Before that, she had lamented: "There is something profoundly wrong when a conversation about qualifications to be President of the most powerful nation in the world ignores the reality facing most of that world's inhabitants". Reading through Ramdas' article, I saw that no self-respecting democrat or liberal in Nigeria or in America, would be able to publicly oppose her theses. The theses are "provocative", but they are not easy to oppose publicly. My fear disappeared and I recovered my voice.
My position on American elections has been the same since I become conscious of American imperialism. But with the emergence of the two "historic" Democratic contenders - Hillary Clinton and Barack Obama - I ask myself, again, if this position does not need a review. My answer is that, of course, it makes a difference - a symbolic difference - that either a woman or a blackman would become the Democratic candidate in the 2008 presidential election. But the real difference is the hope that for the first time, we have candidates, who, by the logic of their social and historical attributes, will be "naturally" inclined to challenge some of the worst inequalities that exist inside America or are promoted outside America by the rulers of America.
This expectation has so far, been unrealised in the campaigns of Hillary and Obama. Kavita demands in her article: "I want to hear from the woman running for President why being a woman and a mother matters to her and how it will inform her leadership. I want her to stand up for the millions of women who are not heard here or around the world. I want her to chat her course as the wisest, most humane President this country has ever seen, not to show us how much more macho she can have as our next Commander-in-Chief".


Further, Kavita says: "Women in the developing world are not re-assured when they see Madeleine Albright standing next to Hillary Clinton. They have not forgotten that this former Secretary of State, when questioned about the death of more than 500,000 children as a result of sanctions against Iraq, responded that 'this price had been worth it'. Kavita then urges "As a woman and a mother, Hillary Clinton could bring insights and perspectives no other President in U.S. history could have brought to the negotiating table of war and peace".
On Barack Obama, Kavita says: "Obama has his own powerful but underutilised tool: race. What prevents him, for example, from drawing analogies between the plight facing women - many of who live in subjugation simply by virtue of their gender - and the experience of slavery". Further: "What is happening when a truly multiracial candidate, whose first name means 'blessing' in Hebrew and Arabic, and whose middle name is Hussein, feels he must spend his moral capital proving his Christian credentials". She continues: "By owning the question of race on an international stage, Obama would have an amazing opportunity to reach out to people worldwide - who are in more need of hope than most American could imagine".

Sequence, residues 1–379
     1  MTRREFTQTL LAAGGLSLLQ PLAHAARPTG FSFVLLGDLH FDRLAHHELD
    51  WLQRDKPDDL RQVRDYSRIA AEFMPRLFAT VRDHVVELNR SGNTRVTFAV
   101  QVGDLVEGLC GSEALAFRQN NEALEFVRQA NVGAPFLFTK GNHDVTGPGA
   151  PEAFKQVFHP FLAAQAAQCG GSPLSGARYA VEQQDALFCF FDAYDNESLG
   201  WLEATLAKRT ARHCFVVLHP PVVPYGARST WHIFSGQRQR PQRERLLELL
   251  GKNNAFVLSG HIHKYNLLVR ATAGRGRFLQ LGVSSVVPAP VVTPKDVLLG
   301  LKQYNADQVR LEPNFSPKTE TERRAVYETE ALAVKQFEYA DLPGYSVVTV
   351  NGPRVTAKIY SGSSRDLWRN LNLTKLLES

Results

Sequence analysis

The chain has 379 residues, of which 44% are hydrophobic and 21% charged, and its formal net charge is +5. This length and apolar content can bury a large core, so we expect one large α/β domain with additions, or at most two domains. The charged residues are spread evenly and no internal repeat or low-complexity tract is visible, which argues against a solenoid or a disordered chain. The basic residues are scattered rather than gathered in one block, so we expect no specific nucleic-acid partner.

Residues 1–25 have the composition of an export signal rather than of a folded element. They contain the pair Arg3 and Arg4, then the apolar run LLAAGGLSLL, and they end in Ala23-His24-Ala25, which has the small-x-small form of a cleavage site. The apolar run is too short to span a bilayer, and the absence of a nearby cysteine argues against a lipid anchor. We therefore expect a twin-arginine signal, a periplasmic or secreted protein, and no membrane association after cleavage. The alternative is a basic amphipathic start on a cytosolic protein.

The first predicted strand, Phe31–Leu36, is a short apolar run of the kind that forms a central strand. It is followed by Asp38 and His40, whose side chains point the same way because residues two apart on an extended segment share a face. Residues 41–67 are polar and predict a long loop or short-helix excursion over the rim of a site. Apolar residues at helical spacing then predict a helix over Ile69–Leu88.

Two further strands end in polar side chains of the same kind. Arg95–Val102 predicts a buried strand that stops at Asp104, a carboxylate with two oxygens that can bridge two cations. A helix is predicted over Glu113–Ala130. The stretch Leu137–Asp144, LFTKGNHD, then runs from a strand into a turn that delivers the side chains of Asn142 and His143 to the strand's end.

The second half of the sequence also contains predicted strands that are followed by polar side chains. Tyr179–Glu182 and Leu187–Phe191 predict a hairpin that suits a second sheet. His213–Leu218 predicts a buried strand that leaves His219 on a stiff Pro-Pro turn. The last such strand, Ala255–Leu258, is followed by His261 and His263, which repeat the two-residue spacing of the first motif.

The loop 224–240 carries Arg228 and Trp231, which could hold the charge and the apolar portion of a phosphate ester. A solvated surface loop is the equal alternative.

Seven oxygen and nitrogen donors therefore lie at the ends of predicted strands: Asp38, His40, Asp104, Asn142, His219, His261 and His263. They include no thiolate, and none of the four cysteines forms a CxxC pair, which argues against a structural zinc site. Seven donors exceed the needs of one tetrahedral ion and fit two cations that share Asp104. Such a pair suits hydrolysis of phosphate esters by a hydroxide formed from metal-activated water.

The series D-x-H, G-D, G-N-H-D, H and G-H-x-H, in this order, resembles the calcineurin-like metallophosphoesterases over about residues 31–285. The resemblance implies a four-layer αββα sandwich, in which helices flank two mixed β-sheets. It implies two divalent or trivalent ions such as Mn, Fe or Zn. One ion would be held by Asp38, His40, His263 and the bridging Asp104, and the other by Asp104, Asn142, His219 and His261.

I hope that Kavita Ramdas speaks for many of us when she says: "As the stepson of an Indonesian Muslim and the son of a Kenyan and a white woman from Kansas, Barack Obama manifests what it means to be a global citizen"; and that she would like to hear from Obama that "when he looks at the United States or the world, what he sees are not Muslims, Christians, Hindus, Jews or atheists, but simply human beings desperate to be treated with dignity and respect."


In one of the editorials in its issue of March 1, 2008, The Economist warned that both Barack Obama and Hillary Clinton were becoming "worryingly populist" in their economic policies. That is blackmail, clear and direct. The paper followed with this cynical analysis: "Democratic candidates always veer to the left during primaries because that is where the votes are. But come the general election, the winner will tack back towards the centre, where the crucial independent voter resides".


Blackmail and cynicism: That is the response of the mainstream Western media to Hillary and Obama. So, while we urge these historic candidates to become more radical, the "kingmakers" are saying that they have already gone too far! Hillary Clinton and Barack Obama still have the opportunity to make their appearance truly historic - whichever of them eventually emerges as the Democratic candidate and whether that person goes on to win the presidential contest, or not.